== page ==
Boyd on Tigers: 'This is where I want to be'

Lefty confident Detroit will win soon, and he wants to be part of it

August 4th, 2019

ARLINGTON – In the end, didn’t go anywhere. Once the Trade Deadline had passed, on Thursday afternoon, Boyd simply went back to work, putting all the rumors behind him. Now, it’s on the Tigers to figure out where to go from here.

The Tigers never came close to a trade offer that tempted them to part ways with Boyd, amidst a career year and three years out from free agency. It was clear enough that Tigers general manager Al Avila told the left-hander a week and a half ago, as Detroit left on its nine-game, 10-day road trip, that he would most likely still be a Tiger when the team returned home.

It was welcome news for Boyd, whose wife is due to give birth to their second child very soon.

“This is where I want to be,” Boyd said Saturday after striking out nine Rangers over 5 2/3 innings in a no-decision. “I feel called to Detroit, the city, this team. Detroit truly is home, and I'm so grateful for that. It means everything to me when I put on that uniform every single day. Things are changing here for the better. Everybody in this locker room knows it, and we're going to come out on the other side as a squad very, very soon.”

Boyd has talked openly about wanting to see the rebuild through, even though it’s not clear where the team will be in that process when his contract year approaches in 2022. His rise from unranked prospect in the Blue Jays' system at the time of the David Price trade -- the Tigers acquired Boyd on the recommendation of scout Jeff Wetherby -- to a No. 1 starter in Detroit is a testament to his willingness not only to work hard but to work smart, incorporating advanced tools, sports science and analytics into his development. He has talked with teammates about his work at Driveline Baseball in Seattle, as well as his work to change his body.

“He's not only a great pitcher now, he's going to be a great mentor for a lot of guys coming up through our system,” Tigers manager Ron Gardenhire said on Saturday. “Some of our big prospects are going to benefit from this, too. It's a good thing.”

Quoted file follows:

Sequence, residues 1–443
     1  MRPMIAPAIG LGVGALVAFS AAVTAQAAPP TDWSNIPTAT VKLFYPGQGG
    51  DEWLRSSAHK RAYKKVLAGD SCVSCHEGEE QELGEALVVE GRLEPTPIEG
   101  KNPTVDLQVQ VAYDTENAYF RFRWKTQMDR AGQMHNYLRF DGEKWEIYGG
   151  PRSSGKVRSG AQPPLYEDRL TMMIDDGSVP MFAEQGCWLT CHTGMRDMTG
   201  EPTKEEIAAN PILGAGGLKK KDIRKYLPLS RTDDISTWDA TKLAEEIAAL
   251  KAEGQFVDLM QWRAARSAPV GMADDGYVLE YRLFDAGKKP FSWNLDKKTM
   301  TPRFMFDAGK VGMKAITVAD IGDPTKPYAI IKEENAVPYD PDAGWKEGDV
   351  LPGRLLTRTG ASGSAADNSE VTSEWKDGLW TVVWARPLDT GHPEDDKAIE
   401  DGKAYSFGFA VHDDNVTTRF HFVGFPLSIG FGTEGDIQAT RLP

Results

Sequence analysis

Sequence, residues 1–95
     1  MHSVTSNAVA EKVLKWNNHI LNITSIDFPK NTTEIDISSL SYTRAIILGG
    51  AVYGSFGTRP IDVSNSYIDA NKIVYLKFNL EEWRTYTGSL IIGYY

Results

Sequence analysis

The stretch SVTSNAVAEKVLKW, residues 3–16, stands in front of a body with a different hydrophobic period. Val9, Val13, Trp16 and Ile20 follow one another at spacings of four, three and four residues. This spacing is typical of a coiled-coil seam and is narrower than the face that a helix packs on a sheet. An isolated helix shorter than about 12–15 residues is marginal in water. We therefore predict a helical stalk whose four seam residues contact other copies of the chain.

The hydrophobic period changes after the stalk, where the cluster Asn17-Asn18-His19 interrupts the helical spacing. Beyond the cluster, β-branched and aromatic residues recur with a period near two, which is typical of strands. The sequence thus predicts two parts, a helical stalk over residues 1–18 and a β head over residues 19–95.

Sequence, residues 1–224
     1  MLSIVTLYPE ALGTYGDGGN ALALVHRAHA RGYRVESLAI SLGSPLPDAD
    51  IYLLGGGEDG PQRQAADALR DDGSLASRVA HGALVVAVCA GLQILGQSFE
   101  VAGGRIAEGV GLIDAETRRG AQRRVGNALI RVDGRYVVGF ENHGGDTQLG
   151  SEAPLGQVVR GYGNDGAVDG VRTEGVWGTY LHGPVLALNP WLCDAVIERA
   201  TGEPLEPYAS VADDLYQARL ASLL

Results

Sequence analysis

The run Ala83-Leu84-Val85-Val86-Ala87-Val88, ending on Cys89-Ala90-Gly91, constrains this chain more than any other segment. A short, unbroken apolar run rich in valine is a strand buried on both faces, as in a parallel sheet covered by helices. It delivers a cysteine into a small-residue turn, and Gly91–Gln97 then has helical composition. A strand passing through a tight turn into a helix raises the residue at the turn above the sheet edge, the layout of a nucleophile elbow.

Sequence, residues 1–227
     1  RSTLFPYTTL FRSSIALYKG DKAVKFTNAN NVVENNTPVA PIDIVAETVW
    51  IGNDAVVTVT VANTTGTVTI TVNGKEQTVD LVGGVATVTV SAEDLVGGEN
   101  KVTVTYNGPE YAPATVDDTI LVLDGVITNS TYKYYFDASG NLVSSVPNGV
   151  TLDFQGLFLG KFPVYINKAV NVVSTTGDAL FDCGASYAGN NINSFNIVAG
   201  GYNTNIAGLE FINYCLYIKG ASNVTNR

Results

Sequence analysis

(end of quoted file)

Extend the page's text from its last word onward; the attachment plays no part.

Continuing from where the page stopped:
That’s obviously not the big reason Boyd is still around. The Tigers feel there’s more upside for the 28-year-old as he continues to explore his game, and it could benefit the Tigers, whether they revisit trade interest at season’s end and next summer, or they eventually look at him as part of the long-term plan.

If the Tigers are thinking about the latter, the time to do something is approaching. Detroit hasn’t signed one of its arbitration-eligible players to a long-term deal past his free-agent year since Justin Verlander. J.D. Martinez signed a two-year contract before the 2016 season, but it covered his remaining arbitration years, not free agency.

The Tigers aren’t there yet with Boyd.

“I think this is something you take year to year,” Avila said Thursday. “We love Boyd. He's one of those guys who's smart, a hard worker. Obviously, this is the best year he's had, and we expect him to continue to move forward and have success. The long term is certainly not out of the question here. But just like anybody on your roster, you have to be careful and keep an open mind in the event that something may come up that changes your franchise. And we're in that stage where we have to keep an open mind.”

If that stage shifts, Boyd would be interested to listen.

“There's things to talk through,” Boyd said, “but if they were to approach me with something like that, that would be an honor, and flattering. I wouldn't cross the bridge until it comes, but I want to bring a championship to this city.”

It’s a line you hear from many players when a long-term deal is discussed, but Boyd believes he can do it. He has the optimism to want to contend in Detroit, rather than somewhere else.

“We're going to win here,” Boyd continued. “We're going to bring a championship here. It's going to happen. Things are changing. We have the right guys here, and we have the right people at the helm in the dugout every day. They've set the culture, and we believe in it. We know we can do it.

“It may seem dark right now, it may seem kind of gloomy, but the guys in here, the fight's there. We know what we can do. We're all getting better, and we know what we're capable of. It's going to change. We believe it.”